A Suppository of Wisdom by Shortis & Simpson at Smith’s Alternative Bookshop, Canberra, September 12-14, 2013.
Reviewed by Frank McKone
John Shortis and Moya Simpson have produced another classic collection of satirical songs and monologues arising from political events, in this case the moveable feast of the Federal Election on September 7.
So delectably unstable is this table setting that even though by the second performance they had picked up on Sophie Mirabella’s loss in the Victorian electorate of Indi, they still included the song of horror – on the part of new Prime Minister Tony Abbott – about Barnaby Joyce becoming leader of the Nationals and therefore deputy leader of the Liberal National Coalition (traditionally offered appointment as Treasurer). Only that very afternoon, Warren Truss was confirmed as the Nationals’ leader, while Barnaby, having successfully moved from the Senate (Queensland) to the House of Representatives (New England, NSW) is now Nationals’ deputy leader, therefore being tipped for the traditional Country Party post as Minister for Agriculture. With his views about coal-seam gas and foreign investors buying up farming land, the horror may go on for Mr Abbott.
To have written, rehearsed and so professionally performed 18 numbers – and a thoroughly deserved encore – in less than a week says a great deal about not only Shortis & Simpson’s sense of humour but also about their dedication to the task. After some 17 years of satire which has made them a Canberra icon, performing now in the Bookshop which is rapidly becoming the kind of small music venue reminding me of icons of the days of old in Sydney, such as The Basement and The Troubador, A Suppository of Wisdom found its audience, and the discriminating audience was not disappointed.
It is hard to pick one number above all the others, especially because each had its own special music and singing style, but maybe the two that had the audience most in fits of laughter were the yodelling Tony A and the drunken monologue Learless Feeders.
Beginning from the idea that Tony Abbott was picking up from the US Tea Party and Sarah Palin, Simpson’s “Tony a...yay...yay” took on a life of its own that still rings in the mind. This is a song for YouTube, surely to become the theme song for this Government until a double dissolution or the antics of the kangaroo-poo-throwing Senator Ricky Muir (elected with less than 2% of primary votes) bring the Parliament into convulsions – maybe not of laughter – some time next year.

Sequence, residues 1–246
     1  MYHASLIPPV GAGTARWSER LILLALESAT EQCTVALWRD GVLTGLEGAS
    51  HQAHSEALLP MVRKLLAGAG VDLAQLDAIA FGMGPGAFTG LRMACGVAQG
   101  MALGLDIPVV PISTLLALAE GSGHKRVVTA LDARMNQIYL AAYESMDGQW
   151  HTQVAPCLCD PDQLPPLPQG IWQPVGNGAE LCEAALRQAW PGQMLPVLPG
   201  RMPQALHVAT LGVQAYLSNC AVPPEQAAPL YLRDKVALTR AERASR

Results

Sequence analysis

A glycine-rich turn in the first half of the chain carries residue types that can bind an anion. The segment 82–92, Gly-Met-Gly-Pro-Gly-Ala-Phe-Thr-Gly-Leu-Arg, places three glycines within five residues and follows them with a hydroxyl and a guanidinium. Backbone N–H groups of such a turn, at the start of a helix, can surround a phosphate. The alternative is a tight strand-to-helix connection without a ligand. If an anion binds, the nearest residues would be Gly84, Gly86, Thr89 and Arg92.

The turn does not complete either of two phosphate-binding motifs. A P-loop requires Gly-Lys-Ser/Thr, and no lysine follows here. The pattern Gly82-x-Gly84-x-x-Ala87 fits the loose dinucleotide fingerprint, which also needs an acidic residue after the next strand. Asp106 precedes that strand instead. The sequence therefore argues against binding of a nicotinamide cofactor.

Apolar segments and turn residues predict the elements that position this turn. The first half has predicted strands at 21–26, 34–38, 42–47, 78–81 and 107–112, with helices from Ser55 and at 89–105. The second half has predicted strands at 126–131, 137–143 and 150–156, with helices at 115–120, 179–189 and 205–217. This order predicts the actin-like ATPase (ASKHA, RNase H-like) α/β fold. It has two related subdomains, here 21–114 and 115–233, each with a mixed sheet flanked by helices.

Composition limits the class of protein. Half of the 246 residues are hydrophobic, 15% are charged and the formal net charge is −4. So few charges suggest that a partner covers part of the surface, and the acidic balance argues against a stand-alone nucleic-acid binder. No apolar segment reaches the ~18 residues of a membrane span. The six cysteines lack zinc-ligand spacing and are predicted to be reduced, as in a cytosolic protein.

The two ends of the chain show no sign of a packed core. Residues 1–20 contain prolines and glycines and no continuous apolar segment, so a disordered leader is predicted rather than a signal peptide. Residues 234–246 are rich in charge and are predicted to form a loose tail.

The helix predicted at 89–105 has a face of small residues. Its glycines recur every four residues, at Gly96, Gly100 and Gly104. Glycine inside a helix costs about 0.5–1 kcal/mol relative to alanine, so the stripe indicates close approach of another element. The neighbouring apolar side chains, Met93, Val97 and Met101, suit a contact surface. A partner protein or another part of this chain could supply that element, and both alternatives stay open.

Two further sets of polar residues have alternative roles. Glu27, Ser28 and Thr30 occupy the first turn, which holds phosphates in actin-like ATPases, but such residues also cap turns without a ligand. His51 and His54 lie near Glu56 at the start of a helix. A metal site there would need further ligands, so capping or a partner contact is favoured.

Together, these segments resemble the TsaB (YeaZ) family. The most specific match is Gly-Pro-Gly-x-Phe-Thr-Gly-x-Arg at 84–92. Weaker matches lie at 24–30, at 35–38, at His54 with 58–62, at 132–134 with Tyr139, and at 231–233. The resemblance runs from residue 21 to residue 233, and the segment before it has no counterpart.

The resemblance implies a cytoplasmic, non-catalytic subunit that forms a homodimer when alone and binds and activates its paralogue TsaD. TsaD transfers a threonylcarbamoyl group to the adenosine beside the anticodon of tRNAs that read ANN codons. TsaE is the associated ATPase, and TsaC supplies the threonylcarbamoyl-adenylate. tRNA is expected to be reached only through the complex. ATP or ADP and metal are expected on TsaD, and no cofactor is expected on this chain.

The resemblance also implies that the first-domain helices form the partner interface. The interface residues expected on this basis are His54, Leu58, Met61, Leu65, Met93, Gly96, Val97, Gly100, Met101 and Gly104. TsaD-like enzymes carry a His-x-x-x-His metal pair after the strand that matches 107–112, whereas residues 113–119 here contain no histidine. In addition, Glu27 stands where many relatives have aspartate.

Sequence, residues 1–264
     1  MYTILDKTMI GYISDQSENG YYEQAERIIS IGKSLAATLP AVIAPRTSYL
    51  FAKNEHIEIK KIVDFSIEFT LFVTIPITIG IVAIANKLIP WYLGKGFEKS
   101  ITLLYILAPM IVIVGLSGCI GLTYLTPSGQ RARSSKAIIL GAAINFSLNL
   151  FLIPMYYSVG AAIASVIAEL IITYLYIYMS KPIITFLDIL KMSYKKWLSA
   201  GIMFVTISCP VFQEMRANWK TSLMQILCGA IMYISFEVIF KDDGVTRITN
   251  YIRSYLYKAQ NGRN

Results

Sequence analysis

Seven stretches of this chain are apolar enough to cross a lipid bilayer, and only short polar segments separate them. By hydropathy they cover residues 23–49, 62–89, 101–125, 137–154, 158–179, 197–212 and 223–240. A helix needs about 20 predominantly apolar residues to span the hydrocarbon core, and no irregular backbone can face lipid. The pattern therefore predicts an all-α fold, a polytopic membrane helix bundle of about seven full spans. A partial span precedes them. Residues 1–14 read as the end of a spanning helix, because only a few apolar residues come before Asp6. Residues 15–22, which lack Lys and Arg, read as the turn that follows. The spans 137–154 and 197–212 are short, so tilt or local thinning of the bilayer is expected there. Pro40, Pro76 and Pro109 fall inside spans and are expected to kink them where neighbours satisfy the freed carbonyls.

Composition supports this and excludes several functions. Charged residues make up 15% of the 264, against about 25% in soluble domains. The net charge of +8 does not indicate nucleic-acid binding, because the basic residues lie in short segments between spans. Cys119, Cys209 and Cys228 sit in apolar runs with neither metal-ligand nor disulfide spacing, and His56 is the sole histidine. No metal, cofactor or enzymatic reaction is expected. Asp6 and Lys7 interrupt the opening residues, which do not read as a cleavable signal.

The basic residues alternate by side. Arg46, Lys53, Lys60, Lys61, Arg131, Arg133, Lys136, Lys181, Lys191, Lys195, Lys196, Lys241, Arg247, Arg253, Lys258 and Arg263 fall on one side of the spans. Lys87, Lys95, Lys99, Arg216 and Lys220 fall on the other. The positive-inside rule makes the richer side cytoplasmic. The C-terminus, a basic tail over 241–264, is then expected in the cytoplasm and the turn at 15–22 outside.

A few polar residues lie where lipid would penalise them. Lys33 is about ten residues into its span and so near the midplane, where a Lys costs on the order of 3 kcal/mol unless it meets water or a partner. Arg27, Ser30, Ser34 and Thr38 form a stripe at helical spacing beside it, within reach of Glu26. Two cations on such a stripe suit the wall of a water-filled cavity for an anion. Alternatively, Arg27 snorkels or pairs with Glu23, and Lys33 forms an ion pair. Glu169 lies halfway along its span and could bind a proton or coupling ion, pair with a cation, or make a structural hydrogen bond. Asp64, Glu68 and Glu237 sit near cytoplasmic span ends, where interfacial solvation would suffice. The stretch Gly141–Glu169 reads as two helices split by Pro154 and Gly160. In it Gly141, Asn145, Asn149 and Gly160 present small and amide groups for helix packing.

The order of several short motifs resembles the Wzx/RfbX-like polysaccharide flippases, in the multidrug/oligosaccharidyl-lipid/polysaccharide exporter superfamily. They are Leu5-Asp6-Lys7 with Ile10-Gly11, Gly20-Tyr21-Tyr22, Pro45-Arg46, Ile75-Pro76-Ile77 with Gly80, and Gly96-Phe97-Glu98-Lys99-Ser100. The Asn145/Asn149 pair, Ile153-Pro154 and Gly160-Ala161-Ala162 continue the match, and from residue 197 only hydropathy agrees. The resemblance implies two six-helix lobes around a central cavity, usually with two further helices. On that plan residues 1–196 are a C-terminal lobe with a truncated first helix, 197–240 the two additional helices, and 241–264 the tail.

But perhaps the truest satire was Simpson’s monologue as a typical Aussie bloke, drunk on alcohol and the power of words, with extensive views on all aspects of politics – except that every phrase, including all the usual obscenities which pepper such rantings at the bar, had the first letters of significant words reversed. As an early exponent of Alzheimer’s, I and many of the audience (who, Shortis claimed, had increased the usual average age in the venue by 40 years) were completely overwhelmed not only with the laughter that this generated, but with the fascinating mental exercise of trying work out, at speed, what the words were and then realising how they undermined all the pretentiousness of every politician mentioned.
This speech, to my mind, matches Peter Sellers’ famous political speech (“Let me grasp ....”) and definitely should be recorded on Shortis & Simpson’s next CD. Or better, put this up on YouTube – it is sure to go “viral”.
Unfortunately, since elections and their results are so volatile, A Suppository of Wisdom has already come and gone by the time you read this. But Smith’s Alternative Bookshop looks like lasting for quite a while yet, with jazz, stand-up comedy and maybe more Shortis & Simpson to come. I certainly hope so.
|John Shortis on ukelele and Moya Simpson in full yodel|